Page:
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Gerrymandering

A DEFINITION:
gerrymandering: Gerrymandering is a type of voter suppression that used to thwart the will of the majority by tilting the boundaries of legislative districts to a particular political party’s favor. 

CONTEXT & HISTORY:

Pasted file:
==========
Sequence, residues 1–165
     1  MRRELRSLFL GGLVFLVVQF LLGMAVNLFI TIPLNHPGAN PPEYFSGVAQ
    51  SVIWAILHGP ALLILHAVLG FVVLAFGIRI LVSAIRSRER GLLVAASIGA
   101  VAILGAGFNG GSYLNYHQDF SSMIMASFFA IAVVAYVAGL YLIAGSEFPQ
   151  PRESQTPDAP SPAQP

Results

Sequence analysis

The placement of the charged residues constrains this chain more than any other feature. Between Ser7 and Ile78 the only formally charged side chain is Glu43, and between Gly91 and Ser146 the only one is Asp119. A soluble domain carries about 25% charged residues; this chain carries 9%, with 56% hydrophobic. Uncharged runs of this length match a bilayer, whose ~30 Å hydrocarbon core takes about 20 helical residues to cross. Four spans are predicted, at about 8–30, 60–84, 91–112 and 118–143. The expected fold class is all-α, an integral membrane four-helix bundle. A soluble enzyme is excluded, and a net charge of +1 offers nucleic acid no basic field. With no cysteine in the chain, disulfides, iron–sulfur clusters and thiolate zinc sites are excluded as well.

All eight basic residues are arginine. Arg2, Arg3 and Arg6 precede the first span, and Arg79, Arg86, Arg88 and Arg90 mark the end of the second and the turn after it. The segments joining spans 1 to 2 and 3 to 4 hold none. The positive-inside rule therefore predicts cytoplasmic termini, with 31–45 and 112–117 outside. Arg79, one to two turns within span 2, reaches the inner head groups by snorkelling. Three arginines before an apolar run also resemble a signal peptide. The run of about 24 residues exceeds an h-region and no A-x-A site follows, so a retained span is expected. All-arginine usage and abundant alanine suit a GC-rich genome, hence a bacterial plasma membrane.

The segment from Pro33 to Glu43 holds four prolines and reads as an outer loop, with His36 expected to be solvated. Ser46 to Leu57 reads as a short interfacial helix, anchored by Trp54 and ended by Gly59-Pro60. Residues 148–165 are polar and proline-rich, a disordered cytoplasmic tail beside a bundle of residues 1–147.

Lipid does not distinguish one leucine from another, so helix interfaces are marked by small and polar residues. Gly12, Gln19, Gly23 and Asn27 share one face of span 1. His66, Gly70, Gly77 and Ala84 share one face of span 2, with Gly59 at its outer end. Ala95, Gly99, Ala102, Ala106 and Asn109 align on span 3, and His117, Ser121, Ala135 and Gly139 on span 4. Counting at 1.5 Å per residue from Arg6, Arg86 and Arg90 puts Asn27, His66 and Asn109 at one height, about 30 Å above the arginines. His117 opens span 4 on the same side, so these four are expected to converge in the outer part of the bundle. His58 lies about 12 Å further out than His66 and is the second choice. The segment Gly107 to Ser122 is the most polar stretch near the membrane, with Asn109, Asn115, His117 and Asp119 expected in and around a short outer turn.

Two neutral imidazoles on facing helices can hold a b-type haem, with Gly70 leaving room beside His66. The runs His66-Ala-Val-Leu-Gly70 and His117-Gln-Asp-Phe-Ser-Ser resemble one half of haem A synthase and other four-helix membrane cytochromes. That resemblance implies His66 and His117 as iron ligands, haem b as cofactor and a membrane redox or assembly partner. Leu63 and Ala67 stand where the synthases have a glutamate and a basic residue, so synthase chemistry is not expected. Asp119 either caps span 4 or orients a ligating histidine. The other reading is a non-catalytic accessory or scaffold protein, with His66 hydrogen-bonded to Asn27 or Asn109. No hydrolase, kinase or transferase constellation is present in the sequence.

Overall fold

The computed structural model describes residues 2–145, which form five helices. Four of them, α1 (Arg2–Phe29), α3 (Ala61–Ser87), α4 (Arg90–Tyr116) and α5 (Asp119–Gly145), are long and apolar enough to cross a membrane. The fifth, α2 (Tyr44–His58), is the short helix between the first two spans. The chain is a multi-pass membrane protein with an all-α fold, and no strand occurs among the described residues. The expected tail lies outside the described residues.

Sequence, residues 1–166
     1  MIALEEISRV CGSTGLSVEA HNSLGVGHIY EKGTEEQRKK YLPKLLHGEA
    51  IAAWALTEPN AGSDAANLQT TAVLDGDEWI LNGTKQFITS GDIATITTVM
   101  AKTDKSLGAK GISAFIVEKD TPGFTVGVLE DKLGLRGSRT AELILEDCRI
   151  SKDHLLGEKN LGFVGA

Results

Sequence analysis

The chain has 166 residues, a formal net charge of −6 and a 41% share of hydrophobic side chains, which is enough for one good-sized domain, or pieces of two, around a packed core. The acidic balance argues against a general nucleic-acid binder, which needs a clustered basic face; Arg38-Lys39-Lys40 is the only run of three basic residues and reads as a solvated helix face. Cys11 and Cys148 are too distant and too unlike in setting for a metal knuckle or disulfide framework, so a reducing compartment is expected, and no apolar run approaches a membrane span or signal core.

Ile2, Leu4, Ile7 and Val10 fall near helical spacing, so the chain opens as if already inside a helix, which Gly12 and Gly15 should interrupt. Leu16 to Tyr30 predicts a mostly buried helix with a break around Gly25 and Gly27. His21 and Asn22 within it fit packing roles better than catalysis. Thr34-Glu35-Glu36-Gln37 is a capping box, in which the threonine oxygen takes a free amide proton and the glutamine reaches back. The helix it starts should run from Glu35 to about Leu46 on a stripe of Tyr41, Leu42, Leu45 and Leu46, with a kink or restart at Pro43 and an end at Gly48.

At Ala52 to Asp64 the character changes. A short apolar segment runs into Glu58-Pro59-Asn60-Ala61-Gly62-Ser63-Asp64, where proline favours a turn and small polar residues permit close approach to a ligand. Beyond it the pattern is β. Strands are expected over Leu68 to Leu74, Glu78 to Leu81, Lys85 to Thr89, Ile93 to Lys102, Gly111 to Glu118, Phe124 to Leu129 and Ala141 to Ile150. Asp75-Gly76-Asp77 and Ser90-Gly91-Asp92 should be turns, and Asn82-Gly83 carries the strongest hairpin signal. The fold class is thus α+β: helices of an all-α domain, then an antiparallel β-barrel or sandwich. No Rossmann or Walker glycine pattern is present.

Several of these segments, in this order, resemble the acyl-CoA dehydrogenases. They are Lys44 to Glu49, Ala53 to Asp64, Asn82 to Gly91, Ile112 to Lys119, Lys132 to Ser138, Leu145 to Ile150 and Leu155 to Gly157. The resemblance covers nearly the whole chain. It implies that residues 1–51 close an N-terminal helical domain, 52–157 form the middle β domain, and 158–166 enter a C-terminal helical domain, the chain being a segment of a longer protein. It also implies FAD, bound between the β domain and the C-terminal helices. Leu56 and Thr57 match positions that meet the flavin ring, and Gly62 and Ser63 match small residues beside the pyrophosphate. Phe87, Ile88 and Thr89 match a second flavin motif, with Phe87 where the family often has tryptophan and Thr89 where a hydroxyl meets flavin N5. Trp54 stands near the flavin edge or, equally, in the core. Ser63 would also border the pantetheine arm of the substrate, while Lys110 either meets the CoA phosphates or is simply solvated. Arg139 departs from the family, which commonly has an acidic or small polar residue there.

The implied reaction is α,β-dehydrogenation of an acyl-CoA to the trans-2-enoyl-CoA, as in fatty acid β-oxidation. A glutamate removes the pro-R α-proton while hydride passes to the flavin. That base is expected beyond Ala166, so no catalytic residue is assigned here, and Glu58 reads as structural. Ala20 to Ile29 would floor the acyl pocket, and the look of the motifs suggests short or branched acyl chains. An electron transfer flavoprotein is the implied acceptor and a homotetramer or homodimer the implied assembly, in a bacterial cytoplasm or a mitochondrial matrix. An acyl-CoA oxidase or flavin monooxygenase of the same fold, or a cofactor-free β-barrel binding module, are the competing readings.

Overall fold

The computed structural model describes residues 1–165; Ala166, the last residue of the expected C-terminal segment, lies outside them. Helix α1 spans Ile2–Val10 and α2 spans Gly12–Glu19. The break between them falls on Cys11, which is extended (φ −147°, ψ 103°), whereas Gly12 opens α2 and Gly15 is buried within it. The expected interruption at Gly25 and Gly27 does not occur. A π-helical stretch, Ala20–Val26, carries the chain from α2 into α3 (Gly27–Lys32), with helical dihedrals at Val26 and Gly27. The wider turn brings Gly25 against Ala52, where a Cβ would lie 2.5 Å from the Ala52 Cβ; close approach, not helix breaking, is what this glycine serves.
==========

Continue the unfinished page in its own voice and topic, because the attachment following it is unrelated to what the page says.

Gerrymandering is a way that governing parties try to cement themselves in power by tilting the political map steeply in their favor. The goal is to draw boundaries of legislative districts so that as many seats as possible are likely to be won by the party’s candidates. Drafters accomplish it mainly through two practices commonly called “packing” and “cracking.” A packed district is drawn to include as many of the opposing party’s voters as possible. That helps the governing party win surrounding districts where the opposition’s strength has been diluted to create the packed district. Cracking does the opposite: It splits up clusters of opposition voters among several districts, so that they will be outnumbered in each district. An efficiently gerrymandered map has a maximum number of districts that each contain just enough governing-party supporters to let the party’s candidates win and hold the seat safely, even during “wave” elections when the opposition does especially well. And it packs the opposition’s supporters into a minimum number of districts that the opposition will win overwhelmingly. (What is Gerrymandering? And How Does it Work? by Michael Wines)

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